Performers Relate to Heritage High Musical 'In the Heights'

Senior Alicia Samuel and junior Matt Balane star as Vanessa and Usnavi in Heritage's production "In the Heights."
(Photos courtesy of Heritage High drama program)
By Emily McKellar

It's "Hell Week" for students in the Heritage High School drama program as they rehearse for "In The Heights," a Latino rap musical that will open this Friday in the school's theater.

Step inside drama teacher Greg Newman’s office, and that’s exactly what it is: Hell.

"This is a really, really bad time for you to be here," says Newman as he attempts to round up the 40 theater students who make up the cast and crew of this modern day musical. For lack of better words, he dashes around the crowded room like a chicken with its head cut off.

It’s right before 5 p.m., when rehearsal will begin. Students are buzzing around Newman’s office rehearsing lines, singing, checking out costumes, setting up stage props, and pulling him in multiple directions at once. All of this chaos will continue until right before midnight, when rehearsal will end.

Students are preparing to deliver a musical unlike any of its kind. Not only does this award-winning Broadway show feature rap, it also shares the stories of minorities and Latino immigrants, who are often silenced or unheard. The show will also feature hip-hop, merengue, salsa, contemporary, and current dancing choreographed by Heritage High dance coach and aerobics teacher Hope Burns.

According to a press release from the school, "In The Heights" takes place in a New York City barrio, where the characters struggle to assimilate to American culture and make enough money to survive. The story focuses on a few major characters whose hardships challenge the authenticity of their dreams.

A musical like this is particularly poignant considering the demographics that make up the Perris Union High School District. As of last year, almost half of the district is Hispanic or Latino.

"[Newman] chose this play because he wanted to connect more to the students," said 12th grader Adam Jenks, the play’s publicity manager.

Members of the cast have been able to relate to the roles they play. For example, Christie Pierre, a senior, portrays Abuela Claudia. The character isn’t an actual grandmother, but she is known as the "abuela of the streets" for her caring and accepting attitude toward everyone.

"She’s a real strong person, who’s loving and kind to everyone, like me," said Pierre.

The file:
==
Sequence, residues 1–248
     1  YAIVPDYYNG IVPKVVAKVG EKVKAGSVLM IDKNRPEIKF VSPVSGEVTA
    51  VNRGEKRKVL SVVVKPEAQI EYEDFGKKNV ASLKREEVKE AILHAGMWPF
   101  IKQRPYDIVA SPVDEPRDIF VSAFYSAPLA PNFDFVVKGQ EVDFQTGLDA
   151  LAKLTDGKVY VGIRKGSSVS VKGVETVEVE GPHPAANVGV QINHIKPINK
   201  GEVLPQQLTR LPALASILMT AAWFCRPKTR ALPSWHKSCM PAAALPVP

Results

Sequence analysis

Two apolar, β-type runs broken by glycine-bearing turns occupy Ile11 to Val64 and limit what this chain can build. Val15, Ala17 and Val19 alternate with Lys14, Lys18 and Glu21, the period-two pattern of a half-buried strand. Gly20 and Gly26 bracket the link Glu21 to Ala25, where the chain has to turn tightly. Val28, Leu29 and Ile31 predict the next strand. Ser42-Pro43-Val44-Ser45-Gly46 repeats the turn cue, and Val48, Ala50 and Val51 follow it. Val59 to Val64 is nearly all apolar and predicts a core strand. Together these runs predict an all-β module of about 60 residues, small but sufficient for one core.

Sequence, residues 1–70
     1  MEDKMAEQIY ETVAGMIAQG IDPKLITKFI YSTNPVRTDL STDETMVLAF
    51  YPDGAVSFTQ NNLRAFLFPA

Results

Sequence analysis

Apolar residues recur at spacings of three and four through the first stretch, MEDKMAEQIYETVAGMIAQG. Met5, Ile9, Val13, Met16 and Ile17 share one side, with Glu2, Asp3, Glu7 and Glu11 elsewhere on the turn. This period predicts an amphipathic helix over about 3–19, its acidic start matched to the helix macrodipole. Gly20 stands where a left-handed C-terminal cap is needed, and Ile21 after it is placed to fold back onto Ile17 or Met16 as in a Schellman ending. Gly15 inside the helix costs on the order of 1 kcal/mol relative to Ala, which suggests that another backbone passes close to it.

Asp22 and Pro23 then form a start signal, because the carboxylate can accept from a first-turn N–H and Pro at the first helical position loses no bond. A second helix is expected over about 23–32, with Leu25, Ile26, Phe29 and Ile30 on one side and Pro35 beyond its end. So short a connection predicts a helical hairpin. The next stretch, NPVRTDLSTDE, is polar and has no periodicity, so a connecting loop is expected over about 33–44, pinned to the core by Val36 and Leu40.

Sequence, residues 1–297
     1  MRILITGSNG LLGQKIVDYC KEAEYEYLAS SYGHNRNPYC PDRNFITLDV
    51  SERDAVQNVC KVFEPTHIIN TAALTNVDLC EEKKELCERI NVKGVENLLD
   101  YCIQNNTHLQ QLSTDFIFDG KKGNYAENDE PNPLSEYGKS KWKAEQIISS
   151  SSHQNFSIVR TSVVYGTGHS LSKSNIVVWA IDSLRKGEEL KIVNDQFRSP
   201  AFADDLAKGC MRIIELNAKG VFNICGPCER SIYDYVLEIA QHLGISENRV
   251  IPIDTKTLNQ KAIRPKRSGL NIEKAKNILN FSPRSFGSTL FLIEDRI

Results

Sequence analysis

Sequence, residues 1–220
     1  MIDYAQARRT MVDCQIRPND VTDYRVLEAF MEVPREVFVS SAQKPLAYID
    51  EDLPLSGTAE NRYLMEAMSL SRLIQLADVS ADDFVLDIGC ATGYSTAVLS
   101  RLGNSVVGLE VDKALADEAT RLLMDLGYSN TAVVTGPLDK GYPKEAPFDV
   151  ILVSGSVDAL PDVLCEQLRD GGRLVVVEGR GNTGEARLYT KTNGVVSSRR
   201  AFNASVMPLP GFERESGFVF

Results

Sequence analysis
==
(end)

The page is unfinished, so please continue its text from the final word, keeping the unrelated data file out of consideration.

Matt Balane, a junior, admitted that it was the musical’s hip-hop aspect that prompted him to audition.

"That was the only reason I was attracted to the play," he said. "I didn’t understand theater at all."

As a rapper himself, what Balane does understand is music. He plays a character whose parents sailed from the Dominican Republic on a U.S. Navy ship, and named their son "Usnavi" after it. He was excited to discover that he and Usnavi share the same taste in music, their favorite artist being a notable Latino rapper known as Big Pun.

Besides relating to their characters, acting out their stories onstage has helped cast members grow.

Alicia Samuel, a senior, has been involved in the theater since freshman year. She began by working behind the scenes, but soon emerged from behind the curtain in a breakthrough role as Anne Frank in one of Newman’s previous productions. It was her first time auditioning, and she ended up starring in the play.

Samuel is now returning with a lead role as Vanessa, a character she describes as being a typical girl from the barrio who dreams of leaving town to escape her alcoholic mother.

"I’m a shy person, but this has given me so much confidence in everything," she said.

Other cast members, such as 12th grader Brissia Garcia, make up the chorus. She said that her voice and stage presence has improved since she’s been working with Newman in his Drama II class.

"The class has helped me a lot," she said. "I used to be nervous as hell, but the assignments have helped me become more confident, and not scared."

Newman’s students describe him as being true to theater and not afraid to do anything. Sometimes he can be "like a dictator, but a good one," but his demands, lectures, and training all pay off. He is the father figure of their theater family, providing for a group of students who have become close friends since their involvement in drama.

"He really means what he says, and that’s the great thing about him," said Jenks, who said he’s grown to love his drama teacher after all the pressure and praise he’s received from him.

Together, Newman and his students have put on a range of comedies, musicals and dramas. Heritage was also one of the first high schools in the area to perform Andrew Weber’s famous Broadway musical, "Phantom of the Opera."

Although the cast of "In The Heights" has been rehearsing since February, practice has become more intense as the pressure to fill a whopping 475 theater seats approaches. The theater usually seats 500 people, but 20 seats had to be removed to fit the orchestra, made up of Heritage High band students.

The budget for musicals like this is usually about $15,000, but thanks to the play’s modern day setting, the drama program was able to spend less on costumes. The theater is partially funded by revenue earned from annual talent shows, ticket sales, and the candy grams sold during intermission.

"In The Heights" will be showing March 28, 29, and April 4 and 5 at 7:30 p.m. Tickets are $10 for adults and $8 for students. Heritage High is located at 26001 Briggs Road in Romoland.

Alicia Samuel and senior Christie Pierre, who stars as Abuela Claudia, rehearse a scene for the upcoming musical.










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